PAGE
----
The number of people who password-protect their smartphone is on the rise.
The wireless industry group CTIA released a survey Monday that found that 61 percent of wireless customers have a PIN code or password on their smartphone, up from 50 percent in 2012. The number of consumers who pass-protect their tablets grew from 48 percent to 58 percent.
However, the number of users who have software installed on their phones that can remotely lock the phone — something advocates can combat the rising theft of smartphones — has fallen slightly. Thirty-six percent of users have the software installed on their smartphones, down from 39 percent in 2012.
The findings come at a time when the security of smartphones is a matter of debate in Washington. In addition to the growing concerns over cybersecurity, policymakers are weighing whether to give law enforcement greater access to encrypted data.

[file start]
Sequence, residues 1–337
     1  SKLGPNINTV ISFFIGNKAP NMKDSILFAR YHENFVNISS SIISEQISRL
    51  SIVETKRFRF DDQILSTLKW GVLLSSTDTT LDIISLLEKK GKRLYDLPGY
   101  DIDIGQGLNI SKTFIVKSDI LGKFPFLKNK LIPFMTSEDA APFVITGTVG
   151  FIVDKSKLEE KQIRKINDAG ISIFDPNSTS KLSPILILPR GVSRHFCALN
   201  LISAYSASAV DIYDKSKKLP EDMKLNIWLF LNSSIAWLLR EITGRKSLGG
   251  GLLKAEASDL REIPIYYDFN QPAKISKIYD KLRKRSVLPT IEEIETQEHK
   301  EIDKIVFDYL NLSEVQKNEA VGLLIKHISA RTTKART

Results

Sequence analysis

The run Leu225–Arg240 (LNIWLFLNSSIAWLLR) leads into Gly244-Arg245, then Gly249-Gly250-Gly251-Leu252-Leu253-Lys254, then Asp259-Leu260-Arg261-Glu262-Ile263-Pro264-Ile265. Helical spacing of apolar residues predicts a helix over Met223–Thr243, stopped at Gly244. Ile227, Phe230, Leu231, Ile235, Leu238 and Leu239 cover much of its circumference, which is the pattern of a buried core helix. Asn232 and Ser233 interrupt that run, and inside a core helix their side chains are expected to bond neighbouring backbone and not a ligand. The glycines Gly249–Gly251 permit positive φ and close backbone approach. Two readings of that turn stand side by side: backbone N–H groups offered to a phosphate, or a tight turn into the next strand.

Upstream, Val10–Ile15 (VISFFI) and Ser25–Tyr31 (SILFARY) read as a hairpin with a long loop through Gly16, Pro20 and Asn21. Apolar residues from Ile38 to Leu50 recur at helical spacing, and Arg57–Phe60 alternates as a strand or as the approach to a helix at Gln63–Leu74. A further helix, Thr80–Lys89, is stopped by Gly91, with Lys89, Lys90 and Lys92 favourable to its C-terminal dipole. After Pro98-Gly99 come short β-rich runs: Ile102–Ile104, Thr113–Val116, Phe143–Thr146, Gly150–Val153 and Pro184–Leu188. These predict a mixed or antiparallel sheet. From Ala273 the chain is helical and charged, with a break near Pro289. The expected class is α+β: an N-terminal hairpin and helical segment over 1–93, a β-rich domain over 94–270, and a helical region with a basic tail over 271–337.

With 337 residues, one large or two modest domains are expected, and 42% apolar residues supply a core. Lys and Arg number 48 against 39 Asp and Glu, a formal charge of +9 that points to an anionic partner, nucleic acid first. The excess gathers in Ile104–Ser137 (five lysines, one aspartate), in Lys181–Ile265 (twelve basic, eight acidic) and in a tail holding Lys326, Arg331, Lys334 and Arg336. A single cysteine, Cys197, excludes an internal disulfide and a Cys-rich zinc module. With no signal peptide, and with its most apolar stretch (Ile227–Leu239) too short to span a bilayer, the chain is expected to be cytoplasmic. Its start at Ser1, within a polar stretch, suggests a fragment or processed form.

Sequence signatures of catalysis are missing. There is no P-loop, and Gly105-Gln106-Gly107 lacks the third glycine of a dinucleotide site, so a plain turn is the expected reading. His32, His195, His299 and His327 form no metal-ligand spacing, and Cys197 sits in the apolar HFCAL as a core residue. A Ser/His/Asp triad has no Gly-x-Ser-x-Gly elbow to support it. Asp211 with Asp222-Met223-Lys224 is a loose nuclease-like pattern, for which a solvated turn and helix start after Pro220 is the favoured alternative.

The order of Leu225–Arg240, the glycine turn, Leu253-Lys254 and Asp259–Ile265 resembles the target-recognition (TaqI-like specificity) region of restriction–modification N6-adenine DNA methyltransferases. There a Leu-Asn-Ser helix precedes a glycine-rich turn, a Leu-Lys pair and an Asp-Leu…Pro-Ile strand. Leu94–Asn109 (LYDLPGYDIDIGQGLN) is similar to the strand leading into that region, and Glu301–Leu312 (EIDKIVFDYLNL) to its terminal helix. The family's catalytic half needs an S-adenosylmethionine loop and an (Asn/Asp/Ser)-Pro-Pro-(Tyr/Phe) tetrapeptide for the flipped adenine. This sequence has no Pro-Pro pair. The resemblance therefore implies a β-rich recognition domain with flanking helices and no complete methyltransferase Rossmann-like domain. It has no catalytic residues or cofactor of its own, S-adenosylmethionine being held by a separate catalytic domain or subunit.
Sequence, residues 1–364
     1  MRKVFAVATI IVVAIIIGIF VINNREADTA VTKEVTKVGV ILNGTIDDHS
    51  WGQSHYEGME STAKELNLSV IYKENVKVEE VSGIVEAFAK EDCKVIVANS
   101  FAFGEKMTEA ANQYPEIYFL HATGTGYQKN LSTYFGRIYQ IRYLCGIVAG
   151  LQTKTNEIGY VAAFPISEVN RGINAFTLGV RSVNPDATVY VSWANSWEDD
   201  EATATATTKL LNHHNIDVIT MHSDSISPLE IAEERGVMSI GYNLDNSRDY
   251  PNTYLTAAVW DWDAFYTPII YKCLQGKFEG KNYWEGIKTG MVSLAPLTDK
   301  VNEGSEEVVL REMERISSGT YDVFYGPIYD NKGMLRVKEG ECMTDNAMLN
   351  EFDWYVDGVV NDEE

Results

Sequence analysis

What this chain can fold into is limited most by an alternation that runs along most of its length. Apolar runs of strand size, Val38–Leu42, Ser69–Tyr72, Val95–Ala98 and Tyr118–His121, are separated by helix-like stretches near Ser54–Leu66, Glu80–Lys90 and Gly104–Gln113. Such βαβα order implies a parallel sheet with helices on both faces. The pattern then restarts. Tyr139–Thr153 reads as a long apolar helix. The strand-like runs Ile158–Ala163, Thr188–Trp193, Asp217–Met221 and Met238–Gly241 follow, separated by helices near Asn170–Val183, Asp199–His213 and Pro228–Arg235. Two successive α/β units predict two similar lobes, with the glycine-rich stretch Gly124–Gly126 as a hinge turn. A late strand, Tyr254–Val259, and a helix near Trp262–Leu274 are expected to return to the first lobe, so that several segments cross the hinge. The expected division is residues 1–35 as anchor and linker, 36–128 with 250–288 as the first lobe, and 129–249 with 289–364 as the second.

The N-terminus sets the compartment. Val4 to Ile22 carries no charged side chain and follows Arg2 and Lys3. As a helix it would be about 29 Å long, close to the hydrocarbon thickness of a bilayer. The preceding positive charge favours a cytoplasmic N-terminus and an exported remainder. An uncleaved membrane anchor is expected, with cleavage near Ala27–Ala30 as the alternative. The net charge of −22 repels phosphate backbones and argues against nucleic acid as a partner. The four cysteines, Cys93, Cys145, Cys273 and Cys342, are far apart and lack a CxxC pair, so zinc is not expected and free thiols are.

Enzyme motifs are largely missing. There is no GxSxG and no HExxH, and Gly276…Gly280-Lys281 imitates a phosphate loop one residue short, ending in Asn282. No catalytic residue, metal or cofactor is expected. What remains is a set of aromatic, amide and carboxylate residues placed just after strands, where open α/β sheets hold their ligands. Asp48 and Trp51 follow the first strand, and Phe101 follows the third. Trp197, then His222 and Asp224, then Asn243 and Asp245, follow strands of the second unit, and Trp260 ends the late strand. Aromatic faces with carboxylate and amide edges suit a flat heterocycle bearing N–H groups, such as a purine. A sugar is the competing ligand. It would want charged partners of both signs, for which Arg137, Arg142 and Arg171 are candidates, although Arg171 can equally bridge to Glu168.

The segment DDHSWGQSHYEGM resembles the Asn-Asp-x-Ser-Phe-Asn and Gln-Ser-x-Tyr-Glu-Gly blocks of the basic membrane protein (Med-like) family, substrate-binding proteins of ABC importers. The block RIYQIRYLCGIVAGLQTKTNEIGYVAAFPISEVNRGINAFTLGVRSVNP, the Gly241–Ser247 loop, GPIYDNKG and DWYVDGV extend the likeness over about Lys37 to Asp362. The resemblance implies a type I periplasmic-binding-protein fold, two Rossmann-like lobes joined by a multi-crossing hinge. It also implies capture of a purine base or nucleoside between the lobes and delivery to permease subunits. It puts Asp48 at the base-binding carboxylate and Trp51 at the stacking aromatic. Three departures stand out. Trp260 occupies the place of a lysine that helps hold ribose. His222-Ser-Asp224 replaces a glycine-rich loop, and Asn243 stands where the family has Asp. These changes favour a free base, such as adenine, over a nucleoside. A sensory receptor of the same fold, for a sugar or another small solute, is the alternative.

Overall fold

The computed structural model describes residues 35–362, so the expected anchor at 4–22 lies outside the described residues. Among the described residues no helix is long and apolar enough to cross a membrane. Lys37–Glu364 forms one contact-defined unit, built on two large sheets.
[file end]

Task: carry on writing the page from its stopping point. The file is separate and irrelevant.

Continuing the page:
Officials in the Obama administration decided this month that it would not support the creation of so-called “backdoors” that would give law enforcement a way to access encrypted data on smartphones and elsewhere.
It’s a defeat for law enforcement, who pushed hard to ways to get passed increasingly common encryption technology. But the decision is favored by tech companies like Google and Apple.
There are signs that users are becoming comfortable storing their private data on their phones. Fifty-two percent of respondents said that were willing to record healthcare data on their mobile devices or had already done so. The same percentage said they were willing to or had accessed medical records on the mobile devices.
The survey had a sample size of 1,523 adults who own and use a smartphone or tablet. It was conducted between February 9 and 18.